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out from the cities, and join political talks to solve yemen's crisis. the houthis say they will not hold talks in in the air strikes continue. the italian coast guard said that it has not found any more migrants from the boat that capsized on its way from libya to italy. the charity "save the children" say that survivors tell them that at least 400 people drowned. that is just a fraction of the element 10,000 people who have arrived in europe from north africa since friday of last week. >> it's not even peak season for migrants yet but the reception center is already heaving.
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400400 rescued refugees are crammed into a building meant for 250. ports along italy's southern coast boats are bringing in hundreds of rescued refugees. at the latest count more than 10,000 have been plucked from the water since last friday alone. but the risks are high. on monday more than 400 people are believed to have drowned before rescue could arrive. >> we met them yesterday. we spoke to them, a group of people there were 550 people approximately, and only 145 were rescued while the others are believed to unfortunately died in the mediterranean.
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>> the traffickers are becoming boulder and more ruthless. boats are no longer being abandon: they're too valuable to lose. >> they have witnessed warning shots fired by the smugglers who were attempting to take the boat originally carrying the migrants back to libya. this is a clear sign that the mugglers in libya are running out of boats. and therefore they are determined to do anything including shooting their guns in order to do that. >> it's estimated that already the shia that a 10-told increase have died from last year.
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>> they have the capacity to rescue in the mediterranean is inefficient, and that they need very soon, swiftly and urgently to do something about it that. there need to be alternatives to being able to come to europe. >> the police will not tell us where the families boarding the buses will be taken. but these many now trying to make the most dangerous sea crossing in the world and thousands more will follow in their footsteps. >> still to come on al jazeera why dark matter may not be so dark after all. the study that puts scientists in a spin. >> being a musician, there's no demand... >> world renowned artist lang lang >> the moment you're on stage, it's timeless >> american schools falling flat...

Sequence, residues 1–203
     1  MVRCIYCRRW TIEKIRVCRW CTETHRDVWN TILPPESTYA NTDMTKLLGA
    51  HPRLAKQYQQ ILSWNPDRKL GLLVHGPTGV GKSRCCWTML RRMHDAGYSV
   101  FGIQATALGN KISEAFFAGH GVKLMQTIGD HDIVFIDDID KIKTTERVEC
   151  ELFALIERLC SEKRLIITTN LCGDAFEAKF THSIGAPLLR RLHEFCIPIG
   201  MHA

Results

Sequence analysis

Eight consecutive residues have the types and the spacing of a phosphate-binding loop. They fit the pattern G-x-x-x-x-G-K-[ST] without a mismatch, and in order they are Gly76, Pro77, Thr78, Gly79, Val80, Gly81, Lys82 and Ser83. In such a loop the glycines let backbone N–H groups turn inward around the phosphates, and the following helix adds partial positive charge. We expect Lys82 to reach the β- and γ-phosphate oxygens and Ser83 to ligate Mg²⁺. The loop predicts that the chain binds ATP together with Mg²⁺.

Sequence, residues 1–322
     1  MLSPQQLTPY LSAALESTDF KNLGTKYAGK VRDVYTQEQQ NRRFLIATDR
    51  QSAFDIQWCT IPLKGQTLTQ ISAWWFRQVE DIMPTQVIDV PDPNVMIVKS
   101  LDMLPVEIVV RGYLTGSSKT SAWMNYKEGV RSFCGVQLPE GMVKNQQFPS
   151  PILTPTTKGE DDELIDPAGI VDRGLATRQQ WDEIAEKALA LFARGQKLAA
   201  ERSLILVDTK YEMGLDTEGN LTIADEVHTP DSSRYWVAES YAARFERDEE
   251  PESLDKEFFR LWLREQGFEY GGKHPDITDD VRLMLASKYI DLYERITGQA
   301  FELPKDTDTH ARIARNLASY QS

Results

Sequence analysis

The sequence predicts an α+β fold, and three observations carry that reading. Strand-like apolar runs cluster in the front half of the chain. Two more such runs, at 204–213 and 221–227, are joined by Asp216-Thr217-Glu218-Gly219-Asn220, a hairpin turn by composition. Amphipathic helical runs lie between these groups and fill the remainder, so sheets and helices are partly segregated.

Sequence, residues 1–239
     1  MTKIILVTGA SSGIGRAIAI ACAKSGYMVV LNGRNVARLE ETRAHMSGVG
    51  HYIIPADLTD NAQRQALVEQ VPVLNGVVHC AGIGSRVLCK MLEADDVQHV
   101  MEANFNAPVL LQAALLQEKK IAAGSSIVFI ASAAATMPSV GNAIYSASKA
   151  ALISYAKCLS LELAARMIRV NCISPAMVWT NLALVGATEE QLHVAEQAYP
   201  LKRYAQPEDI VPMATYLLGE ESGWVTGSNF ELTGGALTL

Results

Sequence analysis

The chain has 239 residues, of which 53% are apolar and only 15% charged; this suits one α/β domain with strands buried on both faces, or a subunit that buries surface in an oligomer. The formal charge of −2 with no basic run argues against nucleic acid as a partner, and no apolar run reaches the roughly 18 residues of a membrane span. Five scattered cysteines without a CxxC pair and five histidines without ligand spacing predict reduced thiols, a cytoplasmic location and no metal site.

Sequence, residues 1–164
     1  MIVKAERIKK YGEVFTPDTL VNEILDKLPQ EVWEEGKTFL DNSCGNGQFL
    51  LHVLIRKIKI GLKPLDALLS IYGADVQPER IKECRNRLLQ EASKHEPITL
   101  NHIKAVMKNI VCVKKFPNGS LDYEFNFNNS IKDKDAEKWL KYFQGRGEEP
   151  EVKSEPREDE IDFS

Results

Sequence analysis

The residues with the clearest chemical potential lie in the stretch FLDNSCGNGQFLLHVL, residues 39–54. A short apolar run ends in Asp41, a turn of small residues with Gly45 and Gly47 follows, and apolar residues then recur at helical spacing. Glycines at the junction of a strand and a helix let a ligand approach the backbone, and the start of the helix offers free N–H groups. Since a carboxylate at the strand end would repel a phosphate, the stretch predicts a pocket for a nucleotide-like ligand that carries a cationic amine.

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>> there are no music class in public schools... >> and his plan to bring music back... >> music makes people happier... >> every sunday night. >> i lived that character. >> go one on one with america's movers and shakers. >> we will be able to see change. >> gripping. inspiring. entertaining. talk to al jazeera. only on al jazeera america.
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>> these are the top stories. forces loyal to saleh have been fighting along the houthi rebels. hundreds of migrants have died trying to reach europe because not enough has been done to save them. almost 10,000 have been rescued by the italian coast guard since friday. den colombian soldiers have been killed by left-wing farc fighters. 17 hurt and four of them seriously hurt.
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this comes as peace talks continue in cuba. we spoke with alexander in bogota and asked him what he thought this might might mean on the negotiations of peace. >> i don't think this will much effect especially after many announcements over the past weeks and months. the colombian president just spoke in the military base after meeting there with the minister of defense high-level officials and the attorney general. and he did announce the first consequence of this attack, which will be resuming air raids against farc. >> a small sigh gyrocopter has
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landed on the west lawn of white house in washington, d.c. they have been examining the aircraft as you can see. european union has accused google of skewing it's searches in favor of its own shopping service, and it's formerly charged the search service under antitrust rules. >> in brussels, european union competition commissioner announced something called a statement of objections against google. initially against its price comparison service google shopping for damaging competition. google controls 90% of up a europe-basedall europe-based web